ITV and the BBC have agreed to launch the streaming subscription service BritBox charging £5.99 a month when launches between October and December.
Watchdog Ofcom today gave the plan its provisional approval after concluding that the publicly funded BBC’s involvement is unlikely to give BritBox an unfair competitive advantage.
It is intended to provide box sets of recently broadcast shows as well as older favourites which will be included after licences with other on-demand broadcasters end. Original series will also be commissioned exclusively for BritBox.
ITV CEO Carolyn McCall said: “The agreement to launch BritBox is a milestone moment. Subscription video on demand is increasingly popular with consumers who love being able to watch what they want when they want to watch it. They are also happy to pay for this ease of access to quality content and so BritBox is tapping into this, and a new revenue stream for UK public service broadcasters.
“ITV and BBC have made, and continue to make, the programmes that both reflect and shape British culture and creativity. We now look forward to working together to launch the largest collection of British boxsets ever – bringing the very best in past, present and future British programming and award-winning content to viewers all in one place.”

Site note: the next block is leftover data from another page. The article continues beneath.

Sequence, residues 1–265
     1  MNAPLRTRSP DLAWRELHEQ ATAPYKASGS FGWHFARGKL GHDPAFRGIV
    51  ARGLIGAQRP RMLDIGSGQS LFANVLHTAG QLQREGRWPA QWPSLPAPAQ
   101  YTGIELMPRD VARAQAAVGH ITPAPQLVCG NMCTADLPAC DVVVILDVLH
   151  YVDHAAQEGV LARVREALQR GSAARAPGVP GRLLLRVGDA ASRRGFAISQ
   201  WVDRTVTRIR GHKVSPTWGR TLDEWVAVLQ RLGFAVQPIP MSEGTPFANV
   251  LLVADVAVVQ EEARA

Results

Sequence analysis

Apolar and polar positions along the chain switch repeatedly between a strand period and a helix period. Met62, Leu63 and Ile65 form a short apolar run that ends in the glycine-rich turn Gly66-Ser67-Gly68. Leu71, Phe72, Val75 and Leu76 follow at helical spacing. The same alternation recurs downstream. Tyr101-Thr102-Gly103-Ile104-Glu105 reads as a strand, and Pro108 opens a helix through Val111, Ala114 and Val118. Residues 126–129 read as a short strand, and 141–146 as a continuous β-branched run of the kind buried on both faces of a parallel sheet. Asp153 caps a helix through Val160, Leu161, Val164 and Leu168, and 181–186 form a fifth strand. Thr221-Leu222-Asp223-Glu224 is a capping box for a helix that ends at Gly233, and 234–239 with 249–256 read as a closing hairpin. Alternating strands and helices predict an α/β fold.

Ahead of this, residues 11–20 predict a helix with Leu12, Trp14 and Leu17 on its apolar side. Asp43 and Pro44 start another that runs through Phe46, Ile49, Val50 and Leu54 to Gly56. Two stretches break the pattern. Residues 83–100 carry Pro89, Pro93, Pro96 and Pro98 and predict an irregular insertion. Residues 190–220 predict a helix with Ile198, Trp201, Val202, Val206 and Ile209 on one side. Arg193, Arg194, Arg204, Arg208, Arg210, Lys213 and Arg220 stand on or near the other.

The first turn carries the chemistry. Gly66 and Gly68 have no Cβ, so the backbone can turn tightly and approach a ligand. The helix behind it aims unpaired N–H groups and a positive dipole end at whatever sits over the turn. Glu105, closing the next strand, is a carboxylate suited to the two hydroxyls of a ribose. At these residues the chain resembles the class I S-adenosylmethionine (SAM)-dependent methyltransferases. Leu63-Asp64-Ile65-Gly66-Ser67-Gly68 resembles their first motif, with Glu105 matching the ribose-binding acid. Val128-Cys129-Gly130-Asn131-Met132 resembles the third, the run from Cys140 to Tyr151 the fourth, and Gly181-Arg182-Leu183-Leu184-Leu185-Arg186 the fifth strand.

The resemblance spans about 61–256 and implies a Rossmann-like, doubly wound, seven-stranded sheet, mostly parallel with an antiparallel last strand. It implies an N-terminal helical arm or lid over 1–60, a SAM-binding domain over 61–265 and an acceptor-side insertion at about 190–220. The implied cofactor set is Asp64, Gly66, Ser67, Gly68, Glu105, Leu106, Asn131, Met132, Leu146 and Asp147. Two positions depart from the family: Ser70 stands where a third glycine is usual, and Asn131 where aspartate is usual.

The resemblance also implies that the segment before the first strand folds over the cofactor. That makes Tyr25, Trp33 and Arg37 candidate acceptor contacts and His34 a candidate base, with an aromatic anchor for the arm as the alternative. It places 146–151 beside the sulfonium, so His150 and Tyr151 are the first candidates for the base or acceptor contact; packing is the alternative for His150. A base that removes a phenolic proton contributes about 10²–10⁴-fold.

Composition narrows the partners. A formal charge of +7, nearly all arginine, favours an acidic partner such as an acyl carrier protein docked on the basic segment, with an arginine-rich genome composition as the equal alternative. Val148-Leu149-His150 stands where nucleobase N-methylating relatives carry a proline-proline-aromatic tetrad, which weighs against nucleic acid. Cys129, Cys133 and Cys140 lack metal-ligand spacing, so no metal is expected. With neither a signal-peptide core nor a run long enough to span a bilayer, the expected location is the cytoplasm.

BBC director general Tony Hall said: “We have a world-beating TV industry with outstanding content. The BBC and ITV are at the centre of that. Together, we have been responsible for delivering the majority of must-see moments on British TV over the last decade. That must-see content will now be on BritBox.
“But this service isn’t just about the past. I am really excited about the new shows it will commission. With a remit to be daring and different, many future classics will be commissioned and live on BritBox for the future. These are exciting times for people who love quality TV. Importantly, these shows will be truly British, showcasing our culture and telling distinctive stories. It’s what makes real British TV so special.”
Market research consultancy FutureSource said Britbox would need fewer than one million subscribers to become the fourth biggest behind Netflix, Amazon Prime Video and Now TV.
Its principal analyst David Sidebottom said: “Key to success will be differentiation against their existing broadcaster VoD/catch-up TV services and how it educates potential subscribers of these differences.
“An obvious differentiator is the vast content libraries both the BBC and ITV can make available on the service. But with BBC’s decision to extend content availability on iPlayer for up to 12 months after original broadcast, it will mean it can’t rely on newer BBC content to bolster Britbox’s proposition.
“The launch of the service is expected to eventually lead to the dilution of BBC and ITV title availability on leading SVoD platforms. This further justifies these leading SVoD services’ increased investment in original programming.
“New original content will also be produced, for exclusive release on Britbox from 2020, but both companies will be mindful of the fine balance between providing added value to this subscription service, the performance of existing offerings, while appeasing license fee payers.”